How Ghostwire: Tokyo fuses Japanese folklore and modern intrigue
Ghostwire: Tokyo, the upcoming game from Japanese developer Tango Gameworks, takes advantage of Tokyo’s technologically advanced environment while incorporating traditional Japanese landmarks such as shrines, temples and torii gates. This mix of here and now and traditional is a departure from the company’s previous games, and Ghostwire: East Tokyo not a horror title like the evil inside series.
Director Kenji Kimura, producer Masato Kimura, and concept artist Kenta Muramatsu spoke to WIRED about how they incorporated modern and traditional aspects of Japanese culture into the game, which arrives March 25.
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Kimura says he was inspired by books like Suitcase by Philip K. Dick; Passage by Connie Willis; The blooming flower dies, reality in a dream by Chohei Kanbayashi; and The World, the Flesh and the Devil: An Inquiry into the Future of the Three Enemies of the Rational Soul by JD Bernal.
“The way these books use the understanding of things like spirit, soul, mind, conscious and unconscious, and death is close to what I felt myself,” says Kimura . He was also influenced by Tool’s “Pneuma”. The lyrics of the song have marked him a lot, and it is one of the songs he listens to most often when he walks.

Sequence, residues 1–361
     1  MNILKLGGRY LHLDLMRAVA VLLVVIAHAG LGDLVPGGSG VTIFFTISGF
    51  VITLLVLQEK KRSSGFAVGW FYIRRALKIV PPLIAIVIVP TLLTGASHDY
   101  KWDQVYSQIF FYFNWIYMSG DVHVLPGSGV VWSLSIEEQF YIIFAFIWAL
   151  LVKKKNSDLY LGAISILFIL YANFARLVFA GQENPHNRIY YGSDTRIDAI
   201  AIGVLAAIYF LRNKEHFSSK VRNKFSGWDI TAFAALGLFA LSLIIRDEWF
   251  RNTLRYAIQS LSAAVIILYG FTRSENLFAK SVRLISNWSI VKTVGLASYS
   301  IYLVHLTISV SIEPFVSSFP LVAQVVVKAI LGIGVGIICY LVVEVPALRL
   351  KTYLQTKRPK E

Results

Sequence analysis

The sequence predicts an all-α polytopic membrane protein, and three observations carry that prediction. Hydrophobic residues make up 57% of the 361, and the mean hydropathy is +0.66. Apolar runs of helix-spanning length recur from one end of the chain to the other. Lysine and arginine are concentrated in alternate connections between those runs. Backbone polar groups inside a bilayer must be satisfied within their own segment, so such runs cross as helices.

He says, “When I listen to it, the thought of life and death in my mind is naturally linked to the thoughts that I have tried to embody in Ghostwire: Tokyo.”
Kimura tries to take a walk or listen to music often because it clears her mind. When he thought about mission content featuring a specific character, one of the songs he listened to was Sia’s “Waving Goodbye.” It was another example of the lyrics fitting naturally with what he had in mind for the character’s feelings.
Muramatsu also walked around the city and visited shrines, temples, and other places. “You only have to look at photos to get a single image of what they would look like,” says Muramatsu. “But when you actually go there and see what they look like from different angles, that’s part of the inspiration for creating the art in the game.”
Tango Gameworks came up with the idea of using Tokyo as the game’s setting long before focusing more specifically on the Shibuya region. The environment in Ghostwire: Tokyo closely resembles the actual city, so the team was able to reference Tokyo itself.
The mix of traditional and modern also extends to the real world. Tokyo has many modern buildings close together, but if you go to the next block or between the alleys, you might find a shrine or other traditional structure. For the Tango Gameworks team, the setting of the game is their daily life. But the mix of traditional and modern structures is part of the intrigue for those who don’t live in Tokyo.
To help immerse the player, the team designed Ghostwire: TokyoThe protagonist of , Akito, looks like an ordinary Japanese man. However, the team also had to be careful not to make him blend in with everyone. By default, Akito wears a light blue denim jacket over his white shirt, with a slung fanny pack, as well as beige jeans.